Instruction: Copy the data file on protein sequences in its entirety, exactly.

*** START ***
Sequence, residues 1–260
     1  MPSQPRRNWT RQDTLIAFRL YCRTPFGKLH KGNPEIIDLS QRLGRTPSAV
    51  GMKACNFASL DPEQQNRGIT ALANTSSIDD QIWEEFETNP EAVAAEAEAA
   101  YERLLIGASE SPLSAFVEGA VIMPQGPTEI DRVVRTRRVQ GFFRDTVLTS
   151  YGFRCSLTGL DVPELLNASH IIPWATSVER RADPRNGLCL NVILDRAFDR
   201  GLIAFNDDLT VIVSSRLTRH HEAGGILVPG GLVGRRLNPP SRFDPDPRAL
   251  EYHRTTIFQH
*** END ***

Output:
Sequence, residues 1–260
     1  MPSQPRRNWT RQDTLIAFRL YCRTPFGKLH KGNPEIIDLS QRLGRTPSAV
    51  GMKACNFASL DPEQQNRGIT ALANTSSIDD QIWEEFETNP EAVAAEAEAA
   101  YERLLIGASE SPLSAFVEGA VIMPQGPTEI DRVVRTRRVQ GFFRDTVLTS
   151  YGFRCSLTGL DVPELLNASH IIPWATSVER RADPRNGLCL NVILDRAFDR
   201  GLIAFNDDLT VIVSSRLTRH HEAGGILVPG GLVGRRLNPP SRFDPDPRAL
   251  EYHRTTIFQH